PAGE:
Thursday, March 31, 2011

Traveling With Pomegranates

I've had a hard time waiting to finish reading this book so I could Blog about it! I loved it! And there is so much of it I wanted to share! It really needs an entire Book Club discussion for all the gems hidden in this wonderful little book! (Hopefully someday that will happen too!)

It's Traveling with Pomegranates By the Mother/Daughter team of Sue Monk Kidd (who also wrote The Secret Life Of Bees, another book you know I love!) & Ann Kidd Taylor (this is her first book) Sue is about to turn 50, Ann is graduating from College. Both are at pivotal moments in their lives. They travel together through Greece & France, in search of where their new lives will lead them. For one it's letting go of her younger self & coming to terms with her grown daughter & how that might change their relationship. For the other it's finding her path in life & facing adulthood. And for both it's about reconnecting with each other. It's beautifully written from both perspectives.

It also gives light as to why Sue decided to try her hand at writing fiction for the first time & how The Secret Lives Of Bees came to be written. They search for the feminine side of God & search out places in Europe that hold answers about Mary, and Greek Mythology. The Mother/Daughter story of Demeter & Persephone is paramount to the story of Sue & Ann. (It also gives meaning to why Pomegranates are important!) As a Mother (not all that far from the big 5-0, don't tell anyone) with daughters who have just become teenagers, you can see why I clung to much of what I read here. And of course I had to throw in a picture of me & my daughters, in one of our favorite places doing one of our favorite things! :)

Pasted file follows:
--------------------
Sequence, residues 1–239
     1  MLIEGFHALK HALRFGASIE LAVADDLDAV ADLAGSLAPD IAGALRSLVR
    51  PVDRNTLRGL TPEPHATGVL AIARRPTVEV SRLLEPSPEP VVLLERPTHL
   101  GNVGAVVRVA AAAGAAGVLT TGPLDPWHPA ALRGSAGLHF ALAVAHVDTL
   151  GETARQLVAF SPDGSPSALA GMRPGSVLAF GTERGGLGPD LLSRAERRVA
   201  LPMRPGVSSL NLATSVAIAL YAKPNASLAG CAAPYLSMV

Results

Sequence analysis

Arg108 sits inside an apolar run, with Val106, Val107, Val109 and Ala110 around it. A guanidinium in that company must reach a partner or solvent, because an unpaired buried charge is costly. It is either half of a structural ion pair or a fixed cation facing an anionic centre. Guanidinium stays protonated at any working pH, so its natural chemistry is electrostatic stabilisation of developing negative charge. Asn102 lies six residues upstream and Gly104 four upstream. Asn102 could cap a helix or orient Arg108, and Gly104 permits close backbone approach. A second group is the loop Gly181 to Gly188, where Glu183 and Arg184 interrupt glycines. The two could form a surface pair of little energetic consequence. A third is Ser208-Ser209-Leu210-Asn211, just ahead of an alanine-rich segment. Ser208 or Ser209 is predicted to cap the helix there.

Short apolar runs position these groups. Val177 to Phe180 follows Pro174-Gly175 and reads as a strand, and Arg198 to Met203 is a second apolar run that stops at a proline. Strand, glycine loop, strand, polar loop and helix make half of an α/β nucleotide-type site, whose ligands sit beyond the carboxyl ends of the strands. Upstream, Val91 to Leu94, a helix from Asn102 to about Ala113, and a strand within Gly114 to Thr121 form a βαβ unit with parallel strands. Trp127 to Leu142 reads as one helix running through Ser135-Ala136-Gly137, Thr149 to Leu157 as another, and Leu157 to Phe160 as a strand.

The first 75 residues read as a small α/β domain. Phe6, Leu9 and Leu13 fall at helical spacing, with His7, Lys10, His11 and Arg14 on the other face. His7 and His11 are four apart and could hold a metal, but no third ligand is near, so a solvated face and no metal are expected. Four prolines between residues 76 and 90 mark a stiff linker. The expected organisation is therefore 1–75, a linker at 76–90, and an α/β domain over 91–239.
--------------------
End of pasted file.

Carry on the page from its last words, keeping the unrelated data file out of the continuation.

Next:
And let me share with you some of what I loved in this book:

"I suspect like most mothers and daughters we've participated in the classic struggle: the mother, trying to let her daughter go while unconsciously seeing her as an appendage of herself. And the daughter, enmeshed in her mother's power, compelled to please her and pattern herself in her mother's image, but straining at the same time to craft an identity separate form her."

"What is the conversation that needs to go on inside of a woman at this juncture in her life?" "I know I'm here to enter that very conversation. To face irrevocable truths and grieve a little . . . or perhaps a lot. Then start to let go."

"I realize I'm still trying to work out the boundaries. How to love her without interfering. How to step back and let her have her private world and yet still be an intimate part of it. Every woman needs to become self mothering, I remind myself. To learn to take care of herself, to love herself."

"Knowing what I would like to be free of: the part of me that dares too little and fears too much."

"I'm filled with love for my mother. The best gift she has given me is the constancy of her belief. Whatever I become, she loves me. To her I am enough."

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